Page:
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Ochsenkühn, Thomas; Bayerdörffer, Ekkehard; Meining, Alexander; Späth, Lydia; Mannes, Gerd Alexander; Wiebecke, Baldur; Eiermann, Wolfgang; Sackmann, Michael; Göke, Burkhard (2005): Increased prevalence of colorectal adenomas in women with breast cancer. In: Digestion, No. 2-3: pp. 150-155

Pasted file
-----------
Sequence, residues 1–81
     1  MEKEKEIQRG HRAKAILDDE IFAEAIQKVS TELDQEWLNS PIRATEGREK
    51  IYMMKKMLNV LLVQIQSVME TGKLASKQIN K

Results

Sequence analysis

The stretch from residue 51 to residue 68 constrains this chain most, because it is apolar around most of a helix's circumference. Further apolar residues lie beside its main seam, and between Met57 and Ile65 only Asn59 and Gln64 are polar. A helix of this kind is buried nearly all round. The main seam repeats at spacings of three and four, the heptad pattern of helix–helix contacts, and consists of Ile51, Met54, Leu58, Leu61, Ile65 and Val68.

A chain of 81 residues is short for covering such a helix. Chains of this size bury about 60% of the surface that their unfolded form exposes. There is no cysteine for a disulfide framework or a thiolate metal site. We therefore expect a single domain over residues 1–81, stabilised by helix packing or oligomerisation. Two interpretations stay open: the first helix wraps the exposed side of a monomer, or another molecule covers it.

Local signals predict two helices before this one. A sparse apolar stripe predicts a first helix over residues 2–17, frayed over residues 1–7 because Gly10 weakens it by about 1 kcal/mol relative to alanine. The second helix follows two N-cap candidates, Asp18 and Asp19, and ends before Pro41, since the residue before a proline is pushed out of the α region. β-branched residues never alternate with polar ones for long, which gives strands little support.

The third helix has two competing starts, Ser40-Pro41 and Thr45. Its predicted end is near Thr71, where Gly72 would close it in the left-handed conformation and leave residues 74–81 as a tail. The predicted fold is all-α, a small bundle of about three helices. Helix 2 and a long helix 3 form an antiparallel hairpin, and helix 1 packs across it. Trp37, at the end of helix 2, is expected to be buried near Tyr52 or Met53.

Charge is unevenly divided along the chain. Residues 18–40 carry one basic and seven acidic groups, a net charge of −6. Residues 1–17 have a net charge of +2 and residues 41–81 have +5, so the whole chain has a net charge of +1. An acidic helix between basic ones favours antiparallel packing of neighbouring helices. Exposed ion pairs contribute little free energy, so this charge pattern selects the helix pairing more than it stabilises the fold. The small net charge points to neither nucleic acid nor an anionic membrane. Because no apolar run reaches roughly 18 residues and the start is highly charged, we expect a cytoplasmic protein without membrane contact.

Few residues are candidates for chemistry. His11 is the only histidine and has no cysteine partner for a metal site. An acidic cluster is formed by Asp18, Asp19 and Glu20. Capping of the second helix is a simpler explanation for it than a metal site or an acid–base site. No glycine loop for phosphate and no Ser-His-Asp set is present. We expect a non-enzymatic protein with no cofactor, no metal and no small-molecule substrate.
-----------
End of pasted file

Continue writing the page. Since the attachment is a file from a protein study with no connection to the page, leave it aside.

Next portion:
Background: The frequency of colorectal adenomas and carcinomas was investigated in a large cohort of women with breast cancer in comparison with matched controls, since data on the occurrence of second tumors in women with breast cancer is controversial. Design: In a cohort study, 188 consecutive women (median age 57 years) with primary breast cancer and 376 age-matched women who served as controls were examined by total colonoscopy. Breast cancer patients and controls were compared for the frequency of colorectal adenomas and carcinomas. Results: Women with breast cancer showed a higher risk of colorectal adenomas than controls (14.9 vs. 9.3%, p = 0.047, OR 1.7, 95% Cl 1.0-2.9). This increased prevalence resulted primarily from an increased prevalence in the age group 65-85 (31 vs. 10%, p = 0.004, OR 3.8, 95% Cl 1.6-9.3). Colorectal carcinomas were found infrequently in both groups (2 in each group). Women with breast cancer receiving anti-estrogen therapy showed a trend towards a lower risk of adenomas compared to women without anti-estrogen therapy (3.7 vs. 17.2%, p = 0.053, OR 0.16, 95% Cl 0.0-1.1). Conclusions: Women with breast cancer above the age of 65 years have an increased risk of colorectal adenomas compared to women without breast cancer. Women with a diagnosis of breast cancer should especially be encouraged to participate in colorectal cancer-screening programs which, in most countries, call for screening of all average-risk individuals over the age of 50 years.